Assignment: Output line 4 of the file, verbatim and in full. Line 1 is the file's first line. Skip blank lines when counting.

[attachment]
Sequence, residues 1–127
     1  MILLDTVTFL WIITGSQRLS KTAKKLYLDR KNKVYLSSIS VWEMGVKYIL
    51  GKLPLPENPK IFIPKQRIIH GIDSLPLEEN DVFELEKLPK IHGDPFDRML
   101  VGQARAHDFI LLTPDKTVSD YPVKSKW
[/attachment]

   101  VGQARAHDFI LLTPDKTVSD YPVKSKW